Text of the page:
Deliver working software frequently, from a couple of weeks to a couple of months, with a preference to the shorter timescale.
In a traditional software development lifecycle, a team might plan an entire piece of software from start to finish. The business would set the scope, the budget, and the timeline up front and might not even talk with the development team before committing to those elements of the project.
However, there are some clear challenges when doing all of your software planning at the very beginning of the project. The Agile Manifesto attempts to address those concerns by placing a focus on individuals and interactions, working software, customer collaboration, and responding to change.
One of the Agile Manifesto principles states that software teams should “deliver working software frequently, from a couple of weeks to a couple of months, with a preference to the shorter timescale.”
Rather than delivering working software every six months or every year, teams are starting to release much more regularly, on a timescale of weeks or even days, instead of months or years. By releasing working software more frequently, software teams are able to deliver value more frequently to their end user.
When teams deliver more regularly, they’re able to change directions in an agile way. Rather than waiting six, twelve, or eighteen months to get feedback from the customer or end user, agile teams can get feedback every couple of weeks. This puts teams in a much better position to pivot when, inevitability, the market changes or bad assumptions were made.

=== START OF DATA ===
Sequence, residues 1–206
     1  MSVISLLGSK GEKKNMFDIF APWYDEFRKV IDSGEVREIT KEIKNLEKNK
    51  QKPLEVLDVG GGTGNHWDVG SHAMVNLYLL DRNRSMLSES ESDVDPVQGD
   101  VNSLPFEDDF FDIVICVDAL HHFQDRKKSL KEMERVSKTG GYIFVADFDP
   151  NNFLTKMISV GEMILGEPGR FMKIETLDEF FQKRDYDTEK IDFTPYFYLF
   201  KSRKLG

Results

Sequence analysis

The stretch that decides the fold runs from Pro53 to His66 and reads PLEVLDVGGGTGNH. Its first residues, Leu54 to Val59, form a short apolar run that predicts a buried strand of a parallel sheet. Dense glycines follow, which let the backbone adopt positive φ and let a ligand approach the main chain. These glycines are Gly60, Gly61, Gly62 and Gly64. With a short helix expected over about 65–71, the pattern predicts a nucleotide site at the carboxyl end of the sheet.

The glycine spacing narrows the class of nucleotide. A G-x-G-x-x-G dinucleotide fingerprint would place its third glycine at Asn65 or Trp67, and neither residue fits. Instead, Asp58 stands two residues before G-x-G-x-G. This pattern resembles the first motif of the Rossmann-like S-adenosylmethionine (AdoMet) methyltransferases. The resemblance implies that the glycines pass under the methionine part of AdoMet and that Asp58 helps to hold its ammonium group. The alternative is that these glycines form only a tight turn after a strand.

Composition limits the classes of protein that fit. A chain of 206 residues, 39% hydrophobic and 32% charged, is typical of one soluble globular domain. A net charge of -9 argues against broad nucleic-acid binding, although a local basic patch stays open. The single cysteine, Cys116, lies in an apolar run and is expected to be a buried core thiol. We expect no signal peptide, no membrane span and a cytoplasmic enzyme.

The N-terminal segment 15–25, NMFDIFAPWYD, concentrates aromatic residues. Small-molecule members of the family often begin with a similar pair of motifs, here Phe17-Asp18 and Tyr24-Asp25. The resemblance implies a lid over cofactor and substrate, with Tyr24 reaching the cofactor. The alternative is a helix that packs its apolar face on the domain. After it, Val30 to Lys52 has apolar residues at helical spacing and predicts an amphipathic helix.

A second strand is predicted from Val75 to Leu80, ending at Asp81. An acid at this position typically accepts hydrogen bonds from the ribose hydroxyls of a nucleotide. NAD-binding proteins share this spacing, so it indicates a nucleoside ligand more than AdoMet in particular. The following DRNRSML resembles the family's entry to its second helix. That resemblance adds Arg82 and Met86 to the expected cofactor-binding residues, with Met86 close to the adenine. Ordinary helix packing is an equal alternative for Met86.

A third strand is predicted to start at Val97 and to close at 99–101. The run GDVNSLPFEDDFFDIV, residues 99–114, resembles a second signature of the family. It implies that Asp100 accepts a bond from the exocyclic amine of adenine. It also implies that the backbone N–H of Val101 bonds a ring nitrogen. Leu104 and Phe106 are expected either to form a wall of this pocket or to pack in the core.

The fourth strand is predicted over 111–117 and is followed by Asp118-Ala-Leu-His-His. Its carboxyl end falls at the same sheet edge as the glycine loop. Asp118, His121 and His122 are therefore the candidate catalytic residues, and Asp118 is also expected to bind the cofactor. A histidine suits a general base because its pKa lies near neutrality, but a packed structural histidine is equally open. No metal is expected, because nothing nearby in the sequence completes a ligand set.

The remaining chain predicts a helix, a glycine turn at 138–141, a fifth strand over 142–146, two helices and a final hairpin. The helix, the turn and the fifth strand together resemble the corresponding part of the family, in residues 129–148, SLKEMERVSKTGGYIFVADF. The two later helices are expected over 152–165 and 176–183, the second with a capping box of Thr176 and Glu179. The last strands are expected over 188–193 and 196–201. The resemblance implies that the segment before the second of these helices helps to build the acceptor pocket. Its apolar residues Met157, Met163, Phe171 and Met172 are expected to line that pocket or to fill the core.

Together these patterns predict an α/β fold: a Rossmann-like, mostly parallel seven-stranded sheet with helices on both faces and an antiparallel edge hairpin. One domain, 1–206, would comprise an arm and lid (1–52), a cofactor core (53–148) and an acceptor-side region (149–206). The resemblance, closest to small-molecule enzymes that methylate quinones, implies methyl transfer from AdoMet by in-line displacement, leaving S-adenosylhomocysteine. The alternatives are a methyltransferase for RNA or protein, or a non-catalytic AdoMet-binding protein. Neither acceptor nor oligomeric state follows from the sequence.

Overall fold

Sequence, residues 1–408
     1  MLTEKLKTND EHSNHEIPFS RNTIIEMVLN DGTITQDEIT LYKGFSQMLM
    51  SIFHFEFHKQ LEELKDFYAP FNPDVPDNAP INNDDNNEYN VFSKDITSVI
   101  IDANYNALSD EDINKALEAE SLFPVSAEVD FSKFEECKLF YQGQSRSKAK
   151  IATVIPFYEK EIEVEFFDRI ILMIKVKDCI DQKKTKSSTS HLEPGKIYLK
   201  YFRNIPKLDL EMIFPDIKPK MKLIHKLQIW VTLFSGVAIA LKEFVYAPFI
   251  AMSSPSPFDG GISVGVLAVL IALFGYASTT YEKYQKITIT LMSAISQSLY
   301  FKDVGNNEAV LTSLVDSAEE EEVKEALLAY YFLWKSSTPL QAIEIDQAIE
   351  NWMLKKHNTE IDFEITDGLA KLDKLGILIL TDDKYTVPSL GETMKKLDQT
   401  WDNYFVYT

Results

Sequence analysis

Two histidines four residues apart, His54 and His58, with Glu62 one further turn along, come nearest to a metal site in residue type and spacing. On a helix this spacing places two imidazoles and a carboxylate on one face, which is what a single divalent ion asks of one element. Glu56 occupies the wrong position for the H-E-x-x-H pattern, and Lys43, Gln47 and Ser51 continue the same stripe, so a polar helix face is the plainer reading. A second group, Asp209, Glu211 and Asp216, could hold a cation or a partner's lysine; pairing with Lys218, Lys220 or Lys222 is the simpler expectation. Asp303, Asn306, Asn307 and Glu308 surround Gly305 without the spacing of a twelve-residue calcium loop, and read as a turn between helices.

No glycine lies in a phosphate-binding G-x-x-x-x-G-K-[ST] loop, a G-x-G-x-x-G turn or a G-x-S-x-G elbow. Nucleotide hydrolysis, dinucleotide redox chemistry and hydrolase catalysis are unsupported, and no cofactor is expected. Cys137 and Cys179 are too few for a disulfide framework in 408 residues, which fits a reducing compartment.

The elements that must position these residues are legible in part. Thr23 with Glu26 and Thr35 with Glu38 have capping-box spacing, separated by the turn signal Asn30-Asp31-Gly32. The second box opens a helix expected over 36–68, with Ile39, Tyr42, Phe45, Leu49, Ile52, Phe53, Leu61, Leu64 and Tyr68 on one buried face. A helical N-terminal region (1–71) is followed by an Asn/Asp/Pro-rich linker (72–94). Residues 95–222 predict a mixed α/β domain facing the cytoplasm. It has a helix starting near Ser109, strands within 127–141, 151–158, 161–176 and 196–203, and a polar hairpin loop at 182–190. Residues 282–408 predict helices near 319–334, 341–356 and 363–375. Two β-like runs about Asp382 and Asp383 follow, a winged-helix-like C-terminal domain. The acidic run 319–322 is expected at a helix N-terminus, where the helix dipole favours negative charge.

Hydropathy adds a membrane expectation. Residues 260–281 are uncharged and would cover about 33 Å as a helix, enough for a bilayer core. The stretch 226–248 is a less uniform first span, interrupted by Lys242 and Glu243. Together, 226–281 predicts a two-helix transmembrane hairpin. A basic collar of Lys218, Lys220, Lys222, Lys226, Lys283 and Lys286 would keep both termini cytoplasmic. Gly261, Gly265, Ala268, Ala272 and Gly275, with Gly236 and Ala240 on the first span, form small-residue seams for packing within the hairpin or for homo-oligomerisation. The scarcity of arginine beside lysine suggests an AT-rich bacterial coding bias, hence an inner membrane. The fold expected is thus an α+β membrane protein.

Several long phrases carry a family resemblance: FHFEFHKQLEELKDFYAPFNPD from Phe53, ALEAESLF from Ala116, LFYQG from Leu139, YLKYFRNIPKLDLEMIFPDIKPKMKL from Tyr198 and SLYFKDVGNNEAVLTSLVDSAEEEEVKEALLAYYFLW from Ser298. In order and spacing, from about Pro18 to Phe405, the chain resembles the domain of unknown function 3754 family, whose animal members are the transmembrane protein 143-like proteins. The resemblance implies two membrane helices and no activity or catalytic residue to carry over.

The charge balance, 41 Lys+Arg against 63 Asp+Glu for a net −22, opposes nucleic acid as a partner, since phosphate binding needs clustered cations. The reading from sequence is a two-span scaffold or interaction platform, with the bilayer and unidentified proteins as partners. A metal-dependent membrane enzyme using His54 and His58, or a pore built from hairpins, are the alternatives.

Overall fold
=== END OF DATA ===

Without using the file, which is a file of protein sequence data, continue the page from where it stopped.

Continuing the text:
It helps to check your assumptions. Did you make a year’s worth of assumptions or two week’s worth of assumptions before you get feedback? You don’t actually know what the user wants and sometimes the user doesn’t know what the user wants. By over-planning the project early on, you lose the flexibility and agility to make changes based on frequent feedback.
But planning doesn’t go away in agile. In fact, for new teams, a strong planning process is key. New teams should spend more time planning than they’re used to and even more than they might in the future once they have an established cadence. Once they’re able to release something in that short time period, once they see it roll out and they see how happy it makes their client or users, it makes agile software development easier to sell. It becomes obvious why it’s so great.
Transitioning to an agile process, however, isn’t always so easy. One of the biggest challenges in transitioning, especially if you have a pilot team and the whole organization isn’t transitioning at the same time, is that teams can still be held up by other teams who they’re dependent on. If other teams aren’t working in the agile methodology, it can be frustrating.
When you start your agile journey, and even as an experienced agile team, focus on what’s in your control. By focusing on the technical and cultural changes within your control, you can start to show your organization why agile development is critical to delivering working software.